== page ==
Percy and his companions encounter many gods throughout the series. Some of the most prominent ones are those dubbed ‘Olympians.’ Olympians are the most powerful of the gods. They are afforded thrones, from which they draw much of their power. Their thrones are a significant representation of who they are. A notable exception to the Olympians is Hades. He remains one of the most powerful gods but was cast out due to prejudice and petty arguments.

The Olympians are as follows:

  • Hestia, the goddess of Hearth and Home
  • Demeter, the goddess of the Harvest and Agriculture
  • Hera, the goddess of Marriage, Women, Family, she is the Queen of Olympus
  • Poseidon, the god of the Seas, Earthquakes, and Horses, he is the King of Atlantis
  • Zeus, the god of the Sky, King of the Gods and Olympus
  • Apollo, the god of the Sun, Medicine, Music, and Prophecy
  • Artemis, goddess of the Moon and the Hunt
  • Ares, the god of War
  • Athena, the goddess of Wisdom, War, and Strategy
  • Dionysus, the god of Wine and Madness
  • Hephaestus, the god of Blacksmiths and Fire
  • Hermes, the god of Thieves, Travelers, Merchants, and is the Messenger of the gods
  • Aphrodite, the goddess of Love and Beauty

The Mist:

The Mist is an interesting construct Riordan placed within his world. It serves the purpose of dividing the supernatural from the mundane. Essentially, without a connection to the supernatural world, like the blood of a god, people will remain unaware of the monsters around them. If they see a monster killing a demigod, they will not see the monster, but they will see something is wrong, like an adult attacking a teenager. The Mist can even be strong enough to affect demigods and their ability to see monsters. An excellent example of this is when Laistrygonian giants shrouded themselves from Percy’s sight, appearing as tall, mean students until they decided to reveal themselves.

The Mist was not always present in the world. During Percy Jackson and the Olympians’ events, the reason why the Mist exists remains unknown to the main characters. Regardless, it is a unique obstacle to overcome. Normal humans can still be killed by monsters and affected by magic, as evinced by the number of statues Medusa had in her emporium, but they are wholly unaware of what is going on around them.

Even when an average human is made aware of the supernatural world around them, they will likely not see what is going on. A good example of this is Paul Blofis, Sally Jackson’s boyfriend, who eventually learns of the supernatural and even kills a monster. Despite this firsthand experience, he still cannot see what is going on.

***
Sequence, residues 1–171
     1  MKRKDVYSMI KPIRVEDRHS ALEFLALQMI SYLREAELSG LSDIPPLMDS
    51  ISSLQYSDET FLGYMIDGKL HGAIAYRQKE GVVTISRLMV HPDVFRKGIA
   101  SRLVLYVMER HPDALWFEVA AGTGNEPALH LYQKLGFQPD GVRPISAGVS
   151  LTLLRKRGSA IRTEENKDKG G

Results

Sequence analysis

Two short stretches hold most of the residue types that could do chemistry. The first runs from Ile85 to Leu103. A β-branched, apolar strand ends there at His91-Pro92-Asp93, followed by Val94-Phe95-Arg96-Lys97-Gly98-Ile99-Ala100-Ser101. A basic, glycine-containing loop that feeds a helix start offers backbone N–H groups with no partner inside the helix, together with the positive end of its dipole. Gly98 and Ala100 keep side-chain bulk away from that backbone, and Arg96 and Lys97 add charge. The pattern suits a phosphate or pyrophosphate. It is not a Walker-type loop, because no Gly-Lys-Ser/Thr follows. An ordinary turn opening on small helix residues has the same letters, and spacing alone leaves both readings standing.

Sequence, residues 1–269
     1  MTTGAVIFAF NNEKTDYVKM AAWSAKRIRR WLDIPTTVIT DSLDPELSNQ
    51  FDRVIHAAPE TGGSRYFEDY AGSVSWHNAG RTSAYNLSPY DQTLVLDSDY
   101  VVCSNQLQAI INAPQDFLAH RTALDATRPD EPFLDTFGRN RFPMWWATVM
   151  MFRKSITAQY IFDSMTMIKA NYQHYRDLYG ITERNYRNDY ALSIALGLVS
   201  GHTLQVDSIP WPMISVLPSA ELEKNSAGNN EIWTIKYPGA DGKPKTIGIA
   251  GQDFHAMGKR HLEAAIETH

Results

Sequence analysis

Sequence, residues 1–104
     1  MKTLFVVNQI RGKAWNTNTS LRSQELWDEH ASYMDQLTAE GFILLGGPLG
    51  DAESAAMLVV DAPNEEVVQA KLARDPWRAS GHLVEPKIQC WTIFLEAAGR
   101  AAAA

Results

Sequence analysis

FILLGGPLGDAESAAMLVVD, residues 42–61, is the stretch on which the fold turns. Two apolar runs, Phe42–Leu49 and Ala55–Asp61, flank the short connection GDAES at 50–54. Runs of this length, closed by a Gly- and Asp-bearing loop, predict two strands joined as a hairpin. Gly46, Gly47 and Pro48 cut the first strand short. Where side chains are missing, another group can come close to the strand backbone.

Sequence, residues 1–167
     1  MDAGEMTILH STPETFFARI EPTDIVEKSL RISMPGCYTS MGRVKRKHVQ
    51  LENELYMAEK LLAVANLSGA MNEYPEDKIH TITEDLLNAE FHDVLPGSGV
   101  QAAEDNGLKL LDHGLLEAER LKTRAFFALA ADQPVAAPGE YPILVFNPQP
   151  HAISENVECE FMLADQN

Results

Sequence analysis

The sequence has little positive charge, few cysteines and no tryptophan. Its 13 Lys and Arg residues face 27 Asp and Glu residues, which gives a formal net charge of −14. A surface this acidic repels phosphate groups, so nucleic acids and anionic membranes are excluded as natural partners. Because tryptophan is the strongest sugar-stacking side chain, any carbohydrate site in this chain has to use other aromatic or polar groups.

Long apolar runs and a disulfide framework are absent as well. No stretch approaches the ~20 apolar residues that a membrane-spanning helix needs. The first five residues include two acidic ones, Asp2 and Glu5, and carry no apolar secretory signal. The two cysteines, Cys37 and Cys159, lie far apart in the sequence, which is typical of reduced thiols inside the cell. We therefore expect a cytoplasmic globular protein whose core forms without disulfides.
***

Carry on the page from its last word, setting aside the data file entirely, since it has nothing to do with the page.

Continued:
As with everything, exceptions to the Mist abound. Sally Jackson was always able to see through the Mist for some reason. Initially, it is what caught the eye of Poseidon and attracted him to her. This attraction resulted in Percy’s birth. Another exception is Rachel Elizabeth Dare, a seemingly normal human. Her ability to see was likely because of her potential to become the next Oracle, supernatural sight needed to cope with her other abilities.

Author Bio:

Rick Riordan, full name Richard Russell Riordan Jr., was born on June 5, 1964, in San Antonio, Texas. In college, he studied history and English and received his teacher’s certification from UTSA. He taught middle school for 15 years, after which he became a full-time author.

Percy Jackson and the Olympians stemmed from bedtime stories told to his son, Haley. Haley always wanted to hear the stories of Greek and Roman mythology. Eventually, Riordan ran out of stories to tell. His son told him he should make new stories based on the characters he had grown to know and love.

Riordan decided to do so and spun for his son the tale of Percy Jackson attempting to find Zeus’ lost lightning bolt set in modern America. The story took three days to tell. After he completed telling it, his son told him he should write it as a story. Thus, Percy Jackson was officially born. Riordan’s decision to give Percy and many other demigods ADHD and dyslexia was no accident either. Haley was recently diagnosed with both, causing him great difficulty in school. As a middle school teacher and a father, Riordan wanted his son and other children to know that is was not a bad thing to be different. Instead, being different is often the mark of greatness, which he had Percy discover for himself.

General Plot:

Percy Jackson and the Olympians follows the story of Percy Jackson, Annabeth Chase, Grover Underwood, and Luke Castellan and a host of other gods, monsters, demigods, and humans. The ultimate premise of the story is stopping Kronos, the most powerful Titan, to destroy Mount Olympus and the world.

Percy and his friends face many dangers, including traversing the deadly Labyrinth, facing down giant cyclops, and dueling Titans. On their journey, they grow in power and maturity, learning life lessons about themselves and the world that aid them in their quest. Riordan blends ancient Greek culture into the modern world perfectly, spinning a grand tale of sacrifice, loyalty, and morality.

Reception and Popularity:

All five books of Percy Jackson and the Olympians were incredibly well-received. All of them one several awards and took the young population of the world by storm. Riordan’s subsequent series following many of the same characters, The Heroes of Olympus, received similar laudation.

Two major motion pictures were made, loosely telling the tale of the first two books in the series: The Lightning Thief and The Sea of Monsters. No further movies were made due to a lack of interest in the films. This lack of interest stemmed from deviations from the source material, much of what made the books great lost in translation to the movies. In recent news, Disney Plus announced they will be making a TV show based on the five books of Riordan’s original series. Riordan will also have much more creative input with the show than he did with the movies. Not much is currently known about the series, style of delivery, or cast.